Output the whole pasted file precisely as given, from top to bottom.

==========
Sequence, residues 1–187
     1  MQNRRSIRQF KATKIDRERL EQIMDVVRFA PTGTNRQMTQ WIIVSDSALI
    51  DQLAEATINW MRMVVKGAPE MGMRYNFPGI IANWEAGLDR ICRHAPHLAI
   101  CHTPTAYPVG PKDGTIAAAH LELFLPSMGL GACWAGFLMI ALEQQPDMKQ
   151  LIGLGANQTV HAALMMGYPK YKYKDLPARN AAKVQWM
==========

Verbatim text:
Sequence, residues 1–187
     1  MQNRRSIRQF KATKIDRERL EQIMDVVRFA PTGTNRQMTQ WIIVSDSALI
    51  DQLAEATINW MRMVVKGAPE MGMRYNFPGI IANWEAGLDR ICRHAPHLAI
   101  CHTPTAYPVG PKDGTIAAAH LELFLPSMGL GACWAGFLMI ALEQQPDMKQ
   151  LIGLGANQTV HAALMMGYPK YKYKDLPARN AAKVQWM